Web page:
Use the lesson and student work sheet below to reinforce comprehension of key facts and concepts in the student article “Drugs + Your Life.”
The first two articles of this year’s Heads Up series highlighted the damaging health effects of drugs on a teen’s brain and body. This third article, “Drugs + Your Life,” focuses on other real-life consequences of teen drug and alcohol use such as academic problems, violence, accidental death, and blackouts. In addition, the lesson below includes further thought-provoking statistics for you to guide students in grade/age-appropriate discussions about possible consequences of binge drinking. The corresponding reproducible work sheet helps students develop the skills to interpret and understand statistical data as well as apply information in decision making.
By sharing this article and working through these exercises with your students, you will provide them with critical information about the many risks teens face with drugs, as well as valuable tools to help them make informed and healthy decisions.
In This Installment:
- Student article: Presents teens with statistics that illustrate other real risks of substance abuse in addition to health effects.
- Student work sheet: Helps to explain statistics in a relatable way, using real-life examples and mathematical context.
Alignment With National Standards
- Science (NSES): Science in Personal and Social Perspectives: Personal and Community Health
- Math (NCTM): Evaluate inferences and predictions based on data; probability
- In addition to damaging a teen’s health, how else can drugs and alcohol affect his or her chances for a successful and happy life?
- What do you know about statistics? What makes statistical data reliable?
- What factors influence your choices and actions when making decisions?
After-Reading Questions (factual responses in italics):
What are statistics, and what can we learn from them? (Statistics can be used to indicate the probability, or likelihood, of something happening to a certain group of people.)
How can a person’s age and behavior be used to determine the probability of risk? (Scientists use a mathematical formula that examines the number of times a certain result occurs within a sample of similar people or behaviors. In drug studies, there are always at least two experimental [or study] groups—one that uses the drug and one that does NOT. By comparing how often a certain result occurs in each group, calculations can be made to determine if using a drug affects outcomes, i.e., has risk.)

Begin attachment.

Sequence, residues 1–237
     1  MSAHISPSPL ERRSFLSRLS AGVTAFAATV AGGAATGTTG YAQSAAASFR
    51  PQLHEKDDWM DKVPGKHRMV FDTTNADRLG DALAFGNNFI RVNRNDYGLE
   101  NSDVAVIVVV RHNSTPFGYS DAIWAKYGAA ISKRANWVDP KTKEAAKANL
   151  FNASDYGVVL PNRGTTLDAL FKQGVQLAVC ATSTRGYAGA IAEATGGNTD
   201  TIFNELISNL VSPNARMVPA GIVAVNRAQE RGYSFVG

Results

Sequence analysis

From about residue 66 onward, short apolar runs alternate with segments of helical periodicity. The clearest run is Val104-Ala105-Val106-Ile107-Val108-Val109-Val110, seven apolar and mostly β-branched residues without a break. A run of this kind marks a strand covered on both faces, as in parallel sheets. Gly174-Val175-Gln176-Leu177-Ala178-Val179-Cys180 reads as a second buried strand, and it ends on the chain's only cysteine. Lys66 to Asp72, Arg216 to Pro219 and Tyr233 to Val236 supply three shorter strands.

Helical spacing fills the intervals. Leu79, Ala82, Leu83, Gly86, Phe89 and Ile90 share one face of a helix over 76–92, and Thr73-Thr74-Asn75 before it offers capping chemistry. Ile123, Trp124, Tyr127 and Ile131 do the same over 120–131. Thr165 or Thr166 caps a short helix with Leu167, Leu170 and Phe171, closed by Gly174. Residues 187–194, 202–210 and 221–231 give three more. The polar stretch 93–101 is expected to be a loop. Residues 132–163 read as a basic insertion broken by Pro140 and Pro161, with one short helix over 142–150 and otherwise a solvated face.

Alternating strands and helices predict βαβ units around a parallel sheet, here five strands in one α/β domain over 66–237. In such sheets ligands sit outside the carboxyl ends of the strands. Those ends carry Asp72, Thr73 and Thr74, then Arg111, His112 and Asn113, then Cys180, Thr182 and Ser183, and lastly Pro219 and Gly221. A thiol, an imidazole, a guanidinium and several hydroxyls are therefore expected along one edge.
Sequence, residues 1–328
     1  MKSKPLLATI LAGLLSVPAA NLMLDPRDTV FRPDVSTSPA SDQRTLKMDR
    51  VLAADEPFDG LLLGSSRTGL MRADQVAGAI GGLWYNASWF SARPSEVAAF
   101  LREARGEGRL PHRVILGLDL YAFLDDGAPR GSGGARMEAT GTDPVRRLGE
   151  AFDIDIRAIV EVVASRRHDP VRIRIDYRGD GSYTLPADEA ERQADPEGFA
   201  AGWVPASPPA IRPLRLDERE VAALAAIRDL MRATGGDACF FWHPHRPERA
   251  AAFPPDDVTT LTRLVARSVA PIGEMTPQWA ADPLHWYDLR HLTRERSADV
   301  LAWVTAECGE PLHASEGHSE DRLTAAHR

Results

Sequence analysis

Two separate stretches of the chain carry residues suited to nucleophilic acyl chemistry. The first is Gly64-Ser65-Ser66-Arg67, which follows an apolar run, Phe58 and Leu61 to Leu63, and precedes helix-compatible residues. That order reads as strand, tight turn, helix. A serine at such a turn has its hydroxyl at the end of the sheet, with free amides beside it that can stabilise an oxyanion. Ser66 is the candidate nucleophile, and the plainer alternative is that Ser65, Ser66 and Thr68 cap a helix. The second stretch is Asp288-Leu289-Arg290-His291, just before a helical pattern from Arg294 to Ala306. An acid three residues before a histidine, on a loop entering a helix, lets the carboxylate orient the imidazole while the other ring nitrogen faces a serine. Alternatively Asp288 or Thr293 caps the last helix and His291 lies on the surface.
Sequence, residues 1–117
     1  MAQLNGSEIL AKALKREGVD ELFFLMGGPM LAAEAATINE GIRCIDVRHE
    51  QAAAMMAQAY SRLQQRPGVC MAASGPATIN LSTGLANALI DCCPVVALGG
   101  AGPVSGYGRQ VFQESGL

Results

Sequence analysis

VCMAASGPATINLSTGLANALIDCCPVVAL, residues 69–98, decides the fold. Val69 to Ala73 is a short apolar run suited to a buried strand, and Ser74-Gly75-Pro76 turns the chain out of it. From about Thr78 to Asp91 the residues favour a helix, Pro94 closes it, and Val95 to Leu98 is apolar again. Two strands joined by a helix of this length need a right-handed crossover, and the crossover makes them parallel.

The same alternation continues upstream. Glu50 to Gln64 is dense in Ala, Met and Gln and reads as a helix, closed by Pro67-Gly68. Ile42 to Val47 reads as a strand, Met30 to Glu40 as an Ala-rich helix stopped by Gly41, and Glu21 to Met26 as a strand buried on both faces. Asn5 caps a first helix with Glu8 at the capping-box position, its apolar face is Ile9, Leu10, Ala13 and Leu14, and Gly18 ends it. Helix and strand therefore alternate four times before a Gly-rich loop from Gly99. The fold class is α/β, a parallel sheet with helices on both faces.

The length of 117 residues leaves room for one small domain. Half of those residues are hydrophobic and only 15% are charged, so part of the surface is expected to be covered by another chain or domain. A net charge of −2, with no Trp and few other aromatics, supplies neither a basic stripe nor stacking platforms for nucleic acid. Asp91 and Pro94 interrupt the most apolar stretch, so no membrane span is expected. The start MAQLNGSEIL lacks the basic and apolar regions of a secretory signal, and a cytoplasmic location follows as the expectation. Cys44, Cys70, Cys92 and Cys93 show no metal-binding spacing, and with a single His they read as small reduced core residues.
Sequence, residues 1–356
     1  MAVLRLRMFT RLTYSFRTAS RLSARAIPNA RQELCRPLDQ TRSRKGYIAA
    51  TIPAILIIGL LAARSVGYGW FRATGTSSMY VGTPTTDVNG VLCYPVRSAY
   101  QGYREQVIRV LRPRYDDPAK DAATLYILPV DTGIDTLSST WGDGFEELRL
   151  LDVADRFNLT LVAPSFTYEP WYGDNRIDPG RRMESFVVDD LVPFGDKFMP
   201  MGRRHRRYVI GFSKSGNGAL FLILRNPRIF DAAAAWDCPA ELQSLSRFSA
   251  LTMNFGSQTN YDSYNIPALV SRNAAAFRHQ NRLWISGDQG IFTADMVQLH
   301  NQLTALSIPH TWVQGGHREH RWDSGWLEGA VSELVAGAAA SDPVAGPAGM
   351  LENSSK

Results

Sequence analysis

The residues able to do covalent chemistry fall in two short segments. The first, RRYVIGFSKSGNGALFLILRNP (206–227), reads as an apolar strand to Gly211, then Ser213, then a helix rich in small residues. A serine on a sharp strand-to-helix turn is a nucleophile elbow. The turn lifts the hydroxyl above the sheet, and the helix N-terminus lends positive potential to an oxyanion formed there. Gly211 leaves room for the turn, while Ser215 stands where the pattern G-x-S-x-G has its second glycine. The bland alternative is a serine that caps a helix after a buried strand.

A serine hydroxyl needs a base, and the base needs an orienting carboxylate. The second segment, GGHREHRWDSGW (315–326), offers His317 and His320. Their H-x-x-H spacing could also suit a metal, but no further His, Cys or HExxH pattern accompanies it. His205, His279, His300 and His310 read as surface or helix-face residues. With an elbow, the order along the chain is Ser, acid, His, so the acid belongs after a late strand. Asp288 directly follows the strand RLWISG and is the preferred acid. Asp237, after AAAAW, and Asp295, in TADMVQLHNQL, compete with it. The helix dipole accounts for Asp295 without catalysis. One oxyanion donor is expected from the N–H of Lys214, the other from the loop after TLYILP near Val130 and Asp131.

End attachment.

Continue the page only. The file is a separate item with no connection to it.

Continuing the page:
- How can statistics help you make smart decisions? (Statistics can help you understand the likelihood of something happening, which can aid you in making smart and informed decisions.)
Additional Discussion: Binge Drinking1
Below are several teen statistics relevant to binge drinking that might be sensitive to present in some classrooms, but are provided here for teachers to incorporate into student discussions as they deem appropriate.
• Suicide: Among high school teens, those who binge on alcohol are three times more likely to attempt suicide than those who do not drink.
• Sexual Violence: Teens who binge drink are about three times more likely to be forced to have sex than teens who do not drink.
• Unwanted Pregnancy: Compared with high school teens who do not drink, teen binge drinkers are about four times more likely to become pregnant or to get someone pregnant.
Challenge students to research infograms and teen drug statistics. Then have them convey information they think is important in a graph, chart, or other visual illustration that displays the data in an accurate and effective way. Have students present their infograms in class.
Student Work Sheet
Have each student use the information on the work sheet, as well as in the article, to answer the work sheet questions.
Work Sheet Answer Key:
1. “Group Fight”: 36.4 / 16.5 = 2.2
“Sold Drugs”: 29.8 / 2.8 = 10.6
“Stole More Than $50”: 26.1 / 4.1 = 6.4
“Attacked Someone”: 24.4 / 7.3 = 3.3
“Carried a Handgun”: 8.6 / 3.1 = 2.8
2. Answers might include: Teens who do drugs may become addicted and feel compelled to find money to buy more drugs, so they might turn to stealing or selling drugs to get the next high.
3. Answers might include: Statistical probability shows the likelihood of something happening, which can help a person determine risk.